Better Wings for Better Aircrafts

Learn how optimization-based winglet design leads to significant improvements in aircraft fuel efficiency, range, stability, and even control and handling.

Anyone who has looked up at a large aircraft taking off or landing on a humid day, has probably seen a vortex, its low-pressure core made white by condensing water vapor, trailing behind each wing - tip. It takes a lot of energy to churn air into these vortices, which are much larger than their visible cores - energy which has to come from the aircraft engines, thus increasing fuel consumption.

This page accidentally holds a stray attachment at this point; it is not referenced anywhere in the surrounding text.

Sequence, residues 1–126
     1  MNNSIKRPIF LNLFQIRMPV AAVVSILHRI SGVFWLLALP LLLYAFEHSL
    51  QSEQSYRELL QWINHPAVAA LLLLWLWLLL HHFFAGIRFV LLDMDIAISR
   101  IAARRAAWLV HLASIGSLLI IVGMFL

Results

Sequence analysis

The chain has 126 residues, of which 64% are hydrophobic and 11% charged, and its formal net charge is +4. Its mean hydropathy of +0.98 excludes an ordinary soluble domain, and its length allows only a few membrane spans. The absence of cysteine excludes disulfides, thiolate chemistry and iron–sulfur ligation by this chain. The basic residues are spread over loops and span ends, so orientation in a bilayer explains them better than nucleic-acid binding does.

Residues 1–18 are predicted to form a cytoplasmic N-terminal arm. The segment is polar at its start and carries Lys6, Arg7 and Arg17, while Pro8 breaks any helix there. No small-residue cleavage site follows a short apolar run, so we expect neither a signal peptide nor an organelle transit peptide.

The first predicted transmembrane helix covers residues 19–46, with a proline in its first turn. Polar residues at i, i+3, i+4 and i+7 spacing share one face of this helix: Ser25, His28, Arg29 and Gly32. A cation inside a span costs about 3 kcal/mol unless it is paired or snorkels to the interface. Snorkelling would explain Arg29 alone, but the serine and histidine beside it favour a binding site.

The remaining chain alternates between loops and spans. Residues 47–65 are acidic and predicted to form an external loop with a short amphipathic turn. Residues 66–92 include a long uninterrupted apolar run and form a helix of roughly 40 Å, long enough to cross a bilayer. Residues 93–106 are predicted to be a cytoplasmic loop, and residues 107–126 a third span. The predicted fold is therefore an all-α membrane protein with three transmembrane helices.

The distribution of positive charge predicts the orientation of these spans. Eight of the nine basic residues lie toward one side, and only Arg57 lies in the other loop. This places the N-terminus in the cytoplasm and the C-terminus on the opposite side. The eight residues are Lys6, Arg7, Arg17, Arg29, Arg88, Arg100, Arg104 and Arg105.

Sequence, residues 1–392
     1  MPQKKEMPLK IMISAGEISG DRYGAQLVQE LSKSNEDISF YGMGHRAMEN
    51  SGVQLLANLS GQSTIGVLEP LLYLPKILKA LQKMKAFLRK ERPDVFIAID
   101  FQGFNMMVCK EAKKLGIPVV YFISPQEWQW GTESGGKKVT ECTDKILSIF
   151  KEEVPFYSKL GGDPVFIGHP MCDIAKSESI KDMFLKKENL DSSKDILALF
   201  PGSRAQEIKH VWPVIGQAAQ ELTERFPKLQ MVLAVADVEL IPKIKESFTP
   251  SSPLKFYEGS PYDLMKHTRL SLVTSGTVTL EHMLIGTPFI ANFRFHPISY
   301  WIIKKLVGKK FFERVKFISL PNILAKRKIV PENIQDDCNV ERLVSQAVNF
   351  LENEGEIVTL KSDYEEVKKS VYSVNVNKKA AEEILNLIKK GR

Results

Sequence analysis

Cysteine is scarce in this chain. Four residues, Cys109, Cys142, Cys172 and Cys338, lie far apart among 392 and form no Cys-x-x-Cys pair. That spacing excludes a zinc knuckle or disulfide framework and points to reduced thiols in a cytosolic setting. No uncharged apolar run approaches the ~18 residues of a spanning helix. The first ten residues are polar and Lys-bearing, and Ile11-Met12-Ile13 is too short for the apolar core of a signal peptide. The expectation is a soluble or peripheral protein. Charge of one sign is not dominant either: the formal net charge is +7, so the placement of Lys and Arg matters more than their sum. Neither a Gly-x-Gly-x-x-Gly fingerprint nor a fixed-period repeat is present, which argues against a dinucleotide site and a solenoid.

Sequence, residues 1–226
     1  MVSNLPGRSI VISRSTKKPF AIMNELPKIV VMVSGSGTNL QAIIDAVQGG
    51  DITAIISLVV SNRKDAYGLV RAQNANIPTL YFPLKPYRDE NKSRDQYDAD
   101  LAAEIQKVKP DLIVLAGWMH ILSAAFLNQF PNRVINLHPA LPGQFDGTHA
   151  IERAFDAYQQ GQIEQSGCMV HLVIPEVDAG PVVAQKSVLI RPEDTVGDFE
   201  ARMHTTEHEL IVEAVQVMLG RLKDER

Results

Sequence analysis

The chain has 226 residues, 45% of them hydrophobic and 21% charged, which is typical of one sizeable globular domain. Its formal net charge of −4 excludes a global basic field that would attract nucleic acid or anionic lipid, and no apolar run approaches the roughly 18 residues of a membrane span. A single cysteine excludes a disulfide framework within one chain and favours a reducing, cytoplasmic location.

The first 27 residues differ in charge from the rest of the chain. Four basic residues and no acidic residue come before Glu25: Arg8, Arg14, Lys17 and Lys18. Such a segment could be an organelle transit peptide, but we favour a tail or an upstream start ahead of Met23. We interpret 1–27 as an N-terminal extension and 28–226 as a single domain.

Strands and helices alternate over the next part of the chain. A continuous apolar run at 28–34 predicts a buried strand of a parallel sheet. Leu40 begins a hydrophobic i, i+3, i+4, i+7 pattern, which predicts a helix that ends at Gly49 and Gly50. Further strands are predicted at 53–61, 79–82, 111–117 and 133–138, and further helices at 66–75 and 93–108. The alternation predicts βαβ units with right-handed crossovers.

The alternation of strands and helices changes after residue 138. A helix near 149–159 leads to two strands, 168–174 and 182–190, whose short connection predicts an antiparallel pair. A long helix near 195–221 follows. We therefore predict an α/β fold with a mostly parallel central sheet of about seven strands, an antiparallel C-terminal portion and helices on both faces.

Aircraft designers have tried many ways to either harness the energy of the rotating air, or reduce the strength of the vortical motion, thereby reducing the energy loss. One of the most common ways of doing this is to add a small wing, known as a winglet, to the wingtip.

The design of these appendages involves, however, a trade-off between the benefits of lower induced drag (i.e the drag associated with the wingtip vortices) and the disadvantages of increased overall weight as well as an increase in other forms of drag. ESTECO’s process integration and design optimization software, modeFRONTIER, has been used in a number of studies to improve winglet design.